Running Without Fear
Tomorrow is Marathon Monday in Boston. I’m not a marathon runner, nor do I aspire to be. When I was in high school I learned about Pheidippides, the runner who announced “Nike!” (that is, “Victory!”) to the Athenians regarding the Battle of Marathon against the Persians in 490 B.C. He ran roughly 25 miles from Marathon to Athens… and then dropped dead. The marathon is named after that ill-fated runner. The question in my mind is: who was the second runner to attempt it? It seems like marathons never should have become a thing. A more reasonable people would have said, “Well, now we know the limit for long-distance running. We won’t be doing that again!” Instead, we have not allowed fear to dictate our limits, and as a result, marathons are only one of many athletic endurance events throughout the world.
The bombing at the Boston Marathon in 2013 likewise could have instilled fear and trepidation. It could have put an artificial limit on freedom and put an end to a festive and hallowed tradition. Instead, from the start, the people of Boston looked terror in the eye and refused to allow it to dictate their lives. Far from living in fear, they chose to be Boston Strong.
I have a friend who will be running in the Chicago marathon, hoping to qualify for Boston next year. He is visually impaired, but I have never known him to allow that to limit his life. He has a law degree, multiple awards for running, an active political life, a “little brother” he mentors, and a great love of both beer and donuts besides! He may not be able to see perfectly, but his vision is inspiring.
St. Paul compared our spiritual journeys to a race. “Do you not know that the runners in the stadium all run in the race, but only one wins the prize? Run so as to win. Every athlete exercises discipline in every way. They do it to win a perishable crown, but we an imperishable one. Thus I do not run aimlessly… I drive my body and train it, for fear that, after having preached to others, I myself should be disqualified” (1 Corinthians 9:24-27). Likewise, he said to Timothy, “I have fought the good fight, I have finished the race, I have kept the faith. Now there is in store for me the crown of righteousness, which the Lord, the righteous Judge, will award to me on that day—and not only to me, but also to all who have longed for his appearing” (2 Timothy 4:7-8). Running a race is a great metaphor for the endurance and discipline that faith require, and for the great reward that awaits us.
When we bring Paul’s inspired insight into the reflection on marathons, we highlight the essential element of faith, which is trust. “Fear is useless,” Jesus said, “What is needed is trust” (Mark 5:36, NAB 1970). Fear would have kept anyone from running a marathon after what happened to Pheidippides. Fear would have shut down the Boston Marathon forever. Fear would have kept my friend from getting involved in running. Fear creates artificial limits and breeds anxiety. Fear is the enemy of faith. Of course, fear is also natural, and having fears is not a sign that we lack faith. The spiritual question is whether we allow those fears to limit us and to keep us from running the race, or whether instead we confront fear like Jesus did in the Garden, ultimately trusting in God and saying “not my will, but yours be done” (Luke 22:42).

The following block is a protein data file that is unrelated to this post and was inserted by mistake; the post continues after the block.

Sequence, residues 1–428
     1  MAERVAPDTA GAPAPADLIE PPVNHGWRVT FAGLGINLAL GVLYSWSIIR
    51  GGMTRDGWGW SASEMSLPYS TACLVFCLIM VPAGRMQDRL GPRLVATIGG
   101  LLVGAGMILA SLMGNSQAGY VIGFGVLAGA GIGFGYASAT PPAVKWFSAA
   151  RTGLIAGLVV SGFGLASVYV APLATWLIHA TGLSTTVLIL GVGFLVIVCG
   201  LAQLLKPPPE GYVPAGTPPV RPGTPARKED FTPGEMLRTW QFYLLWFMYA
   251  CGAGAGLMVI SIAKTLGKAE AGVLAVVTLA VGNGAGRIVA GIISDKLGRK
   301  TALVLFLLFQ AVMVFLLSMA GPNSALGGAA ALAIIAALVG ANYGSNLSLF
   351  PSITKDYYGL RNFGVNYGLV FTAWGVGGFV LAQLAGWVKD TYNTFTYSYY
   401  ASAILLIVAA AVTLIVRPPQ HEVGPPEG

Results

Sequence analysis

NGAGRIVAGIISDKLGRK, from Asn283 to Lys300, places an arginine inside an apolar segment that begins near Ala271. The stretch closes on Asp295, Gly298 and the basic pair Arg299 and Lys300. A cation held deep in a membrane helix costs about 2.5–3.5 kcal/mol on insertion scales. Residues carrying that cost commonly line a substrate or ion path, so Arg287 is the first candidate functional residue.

Faith is radical trust. Without necessarily feeling like everything is going right, we trust in God’s loving care. When all signs seem to indicate otherwise, we trust that Godalways reigns supreme. We entrust ourselves to the Father—“into thy hands I commend my spirit” (Luke 23:46)—without knowing how everything will be made right. As St. Thérèse teaches us, we have the trust of a child, confident in the arms of a loving Parent. Faith is far more than intellectual assent to articles of doctrine: Faith is fundamental trust in God. It defeats fear.
The reward, even here, of this faith is peace. “[H]e stood in their midst and said to them, ‘Peace be with you.’” It is “the peace… the world cannot give” (John 14:27, NLT) because it comes from encountering the Risen Christ, and knowing that God is trustworthy, that we have nothing to fear. It is the peace the Psalmist knew when he wrote, “As soon as I lie down, I fall peacefully asleep, for you alone, O LORD, bring security to my dwelling.” Being at peace, trusting that no harm can ultimately befall us, knowing with Julian of Norwich that “all will be well, all will be well, all manner of things will be well,” we also find the grace to keep running the good race and the hope for the crown of victory!
Photo credit for marathon photo: skitterphoto.com